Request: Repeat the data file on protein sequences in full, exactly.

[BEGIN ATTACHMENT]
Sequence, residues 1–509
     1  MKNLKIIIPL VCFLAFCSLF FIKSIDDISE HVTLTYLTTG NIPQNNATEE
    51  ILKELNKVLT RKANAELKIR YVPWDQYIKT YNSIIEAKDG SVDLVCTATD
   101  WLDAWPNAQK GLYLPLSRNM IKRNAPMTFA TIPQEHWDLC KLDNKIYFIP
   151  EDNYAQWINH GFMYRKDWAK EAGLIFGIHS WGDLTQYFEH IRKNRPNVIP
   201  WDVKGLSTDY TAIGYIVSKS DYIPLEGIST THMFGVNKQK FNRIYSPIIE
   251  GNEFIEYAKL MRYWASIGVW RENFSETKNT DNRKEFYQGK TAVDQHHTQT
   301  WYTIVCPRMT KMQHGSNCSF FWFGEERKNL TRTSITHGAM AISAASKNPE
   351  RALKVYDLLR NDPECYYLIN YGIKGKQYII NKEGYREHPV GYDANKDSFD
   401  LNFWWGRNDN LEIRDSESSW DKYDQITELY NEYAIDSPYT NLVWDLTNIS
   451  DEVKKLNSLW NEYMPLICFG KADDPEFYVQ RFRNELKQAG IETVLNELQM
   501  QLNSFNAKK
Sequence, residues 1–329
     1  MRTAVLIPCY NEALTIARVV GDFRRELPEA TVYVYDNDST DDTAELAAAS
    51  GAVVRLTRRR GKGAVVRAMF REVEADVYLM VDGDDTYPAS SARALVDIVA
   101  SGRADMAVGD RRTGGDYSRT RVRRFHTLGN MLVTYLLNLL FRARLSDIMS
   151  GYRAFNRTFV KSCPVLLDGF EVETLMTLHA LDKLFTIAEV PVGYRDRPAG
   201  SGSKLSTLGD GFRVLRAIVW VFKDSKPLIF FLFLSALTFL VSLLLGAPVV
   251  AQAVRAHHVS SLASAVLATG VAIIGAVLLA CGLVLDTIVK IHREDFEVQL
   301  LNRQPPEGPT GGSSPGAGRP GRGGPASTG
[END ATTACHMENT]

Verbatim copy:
Sequence, residues 1–509
     1  MKNLKIIIPL VCFLAFCSLF FIKSIDDISE HVTLTYLTTG NIPQNNATEE
    51  ILKELNKVLT RKANAELKIR YVPWDQYIKT YNSIIEAKDG SVDLVCTATD
   101  WLDAWPNAQK GLYLPLSRNM IKRNAPMTFA TIPQEHWDLC KLDNKIYFIP
   151  EDNYAQWINH GFMYRKDWAK EAGLIFGIHS WGDLTQYFEH IRKNRPNVIP
   201  WDVKGLSTDY TAIGYIVSKS DYIPLEGIST THMFGVNKQK FNRIYSPIIE
   251  GNEFIEYAKL MRYWASIGVW RENFSETKNT DNRKEFYQGK TAVDQHHTQT
   301  WYTIVCPRMT KMQHGSNCSF FWFGEERKNL TRTSITHGAM AISAASKNPE
   351  RALKVYDLLR NDPECYYLIN YGIKGKQYII NKEGYREHPV GYDANKDSFD
   401  LNFWWGRNDN LEIRDSESSW DKYDQITELY NEYAIDSPYT NLVWDLTNIS
   451  DEVKKLNSLW NEYMPLICFG KADDPEFYVQ RFRNELKQAG IETVLNELQM
   501  QLNSFNAKK
Sequence, residues 1–329
     1  MRTAVLIPCY NEALTIARVV GDFRRELPEA TVYVYDNDST DDTAELAAAS
    51  GAVVRLTRRR GKGAVVRAMF REVEADVYLM VDGDDTYPAS SARALVDIVA
   101  SGRADMAVGD RRTGGDYSRT RVRRFHTLGN MLVTYLLNLL FRARLSDIMS
   151  GYRAFNRTFV KSCPVLLDGF EVETLMTLHA LDKLFTIAEV PVGYRDRPAG
   201  SGSKLSTLGD GFRVLRAIVW VFKDSKPLIF FLFLSALTFL VSLLLGAPVV
   251  AQAVRAHHVS SLASAVLATG VAIIGAVLLA CGLVLDTIVK IHREDFEVQL
   301  LNRQPPEGPT GGSSPGAGRP GRGGPASTG